Lawn Mowers Can Cause Severe Injuries to Kids
Study found that more than half of accidents required amputation
By Alan Mozes
TUESDAY, March 1, 2016 (HealthDay News) -- Despite long-standing safety guidelines, U.S. children continue to suffer severe injuries from both regular power lawn mowers and ride-on mowers, a new Pennsylvania-based study finds.
In more than half of such cases, children required an amputation, the research showed.
"People don't realize how dangerous lawn mowers are," warned senior study author Dr. Douglas Armstrong. He's a professor of orthopedic surgery and division head of pediatric orthopedics at Penn State Hershey Medical Center in Hershey, Penn.
"All lawn mowers have a tremendous amount of kinetic energy given off at the tip of the lawn mower blade. It's higher than a bullet leaving the muzzle of a 357 Magnum, which means that the injuries we see are not just lacerations, they're the result of something more like an explosion or blast injury," he explained.
The researchers looked at information from all children with lawn mower-related injuries treated at Pennsylvania trauma centers between 2002 and 2013. The investigators found an average of about 16 accidents a year.
In all, the study found that nearly 200 children under the age of 18 were injured because of a lawn mower. The majority of those injured (81 percent) were boys, and the average age was 8 years. Nine in 10 accidents occurred during warm weather months (April through September), according to the study.
More than half of the cases (55 percent) involved "ride-on" lawn mowers, the investigators found. Ride-on lawn mowers are small vehicles outfitted with a seat, versus standard lawn mowers you need to walk behind and push.
The researchers said nearly two-thirds of the injuries involved the lower extremities. Slightly more than half of the kids had to have an amputation because of the injury. One child (age 1) died due to an incident involving a ride-on lawn mower, the study authors reported.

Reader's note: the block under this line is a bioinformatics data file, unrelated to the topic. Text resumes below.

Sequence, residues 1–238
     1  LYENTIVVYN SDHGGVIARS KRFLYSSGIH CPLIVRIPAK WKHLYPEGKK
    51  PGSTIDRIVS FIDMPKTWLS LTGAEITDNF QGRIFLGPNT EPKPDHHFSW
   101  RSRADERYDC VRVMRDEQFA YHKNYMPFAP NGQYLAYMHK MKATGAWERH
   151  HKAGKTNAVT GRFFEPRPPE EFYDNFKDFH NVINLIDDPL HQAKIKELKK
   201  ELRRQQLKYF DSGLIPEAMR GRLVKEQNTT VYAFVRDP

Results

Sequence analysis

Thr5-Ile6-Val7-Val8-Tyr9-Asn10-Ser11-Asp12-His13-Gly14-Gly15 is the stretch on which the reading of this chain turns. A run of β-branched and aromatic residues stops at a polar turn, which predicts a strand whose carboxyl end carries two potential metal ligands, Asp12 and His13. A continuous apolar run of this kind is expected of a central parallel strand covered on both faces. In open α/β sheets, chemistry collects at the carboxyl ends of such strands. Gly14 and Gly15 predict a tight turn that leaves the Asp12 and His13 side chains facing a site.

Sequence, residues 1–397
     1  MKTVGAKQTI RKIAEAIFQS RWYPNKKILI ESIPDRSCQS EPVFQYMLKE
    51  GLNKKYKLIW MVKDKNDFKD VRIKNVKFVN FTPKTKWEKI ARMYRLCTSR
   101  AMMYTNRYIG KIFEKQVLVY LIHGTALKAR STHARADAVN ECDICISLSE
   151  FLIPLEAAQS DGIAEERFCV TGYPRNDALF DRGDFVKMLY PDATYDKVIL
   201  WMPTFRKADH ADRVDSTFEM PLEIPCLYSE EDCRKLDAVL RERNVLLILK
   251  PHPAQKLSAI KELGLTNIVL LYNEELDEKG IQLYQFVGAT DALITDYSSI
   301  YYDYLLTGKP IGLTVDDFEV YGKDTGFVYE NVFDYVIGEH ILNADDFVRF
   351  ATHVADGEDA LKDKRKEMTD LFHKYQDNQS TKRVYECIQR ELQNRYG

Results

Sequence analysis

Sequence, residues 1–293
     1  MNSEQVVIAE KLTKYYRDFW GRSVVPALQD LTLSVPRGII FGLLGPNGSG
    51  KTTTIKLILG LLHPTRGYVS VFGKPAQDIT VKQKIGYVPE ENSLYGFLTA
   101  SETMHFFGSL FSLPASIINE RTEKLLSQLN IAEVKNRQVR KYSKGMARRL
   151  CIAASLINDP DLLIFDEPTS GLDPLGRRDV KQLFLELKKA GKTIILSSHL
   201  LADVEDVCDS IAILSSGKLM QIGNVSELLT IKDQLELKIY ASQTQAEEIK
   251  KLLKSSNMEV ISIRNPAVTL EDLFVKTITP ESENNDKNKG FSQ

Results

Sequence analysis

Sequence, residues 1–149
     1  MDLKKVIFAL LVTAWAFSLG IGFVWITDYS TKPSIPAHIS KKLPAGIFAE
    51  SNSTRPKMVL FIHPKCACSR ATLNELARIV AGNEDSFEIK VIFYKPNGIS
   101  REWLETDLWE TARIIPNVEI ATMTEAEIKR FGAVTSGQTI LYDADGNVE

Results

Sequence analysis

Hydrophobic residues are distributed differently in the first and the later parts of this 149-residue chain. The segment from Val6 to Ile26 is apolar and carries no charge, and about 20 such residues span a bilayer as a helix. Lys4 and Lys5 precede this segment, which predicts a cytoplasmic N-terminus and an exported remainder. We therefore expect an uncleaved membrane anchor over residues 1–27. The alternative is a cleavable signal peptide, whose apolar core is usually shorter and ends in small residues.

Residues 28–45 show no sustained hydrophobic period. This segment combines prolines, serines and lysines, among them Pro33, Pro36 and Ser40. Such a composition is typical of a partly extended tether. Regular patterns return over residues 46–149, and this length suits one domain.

"The vast majority of the injuries could have been prevented if safety guidelines had been followed," Armstrong said.
Those guidelines, outlined in 2001 by the American Academy of Pediatrics (AAP), recommend that no child under the age of 16 should operate a ride-on mower, while no child under 12 should operate a powered or non-powered push mower.
The advisory further cautions parents -- whether on farmland or in the suburbs -- to keep all children under the age of 6 indoors when any mower is in operation. Kids shouldn't ride along as passengers on mowers operated by adults, the pediatric group said.
Following that advice would have prevented almost 70 percent of the Pennsylvania accidents, Armstrong said.
A child's maturity level likely plays an important role in the risk of injury, Armstrong said. "Young children often lack the ability to anticipate, to learn, to engage in manual coordination, and to pay attention. They're easily distracted from their task," he said.
"It's not until they're older that they can really attend to what they're doing, and be taught and retain information. And, most importantly, understand that bad things can happen, which many younger kids don't even consider," he added.
The AAP agreed, stating that "children should not operate lawn mowers until they have displayed appropriate levels of judgment, strength, coordination, and maturity necessary for their safe operation."
Dr. Kevin Shea, an orthopedic surgeon and professor of orthopedic surgery at UConn Health in Farmington, Conn., agreed with AAP policy.
"Limiting use to older, adequately trained adolescents and adults is important," he said, while stressing the need for parents to keep children at a safe distance altogether.
Armstrong and his colleagues are scheduled to present their findings Tuesday at a meeting of the American Academy of Orthopaedic Surgeons in Orlando, Fla. Findings presented at meetings are generally viewed as preliminary until they've been published in a peer-reviewed journal.
The American Academy of Pediatrics has more about lawn mower safety.
SOURCES: Douglas G. Armstrong, M.D., professor, orthopedic surgery, and division head, pediatric orthopedics, Penn State Hershey Medical Center, Hershey, Penn.; Kevin P. Shea, M.D., orthopedic surgeon, and professor of orthopedic surgery, UConn Health, Farmington, Conn.; American Academy of Orthopaedic Surgeons meeting, Orlando, Fla., March 1, 2016
Last Updated: Mar 1, 2016
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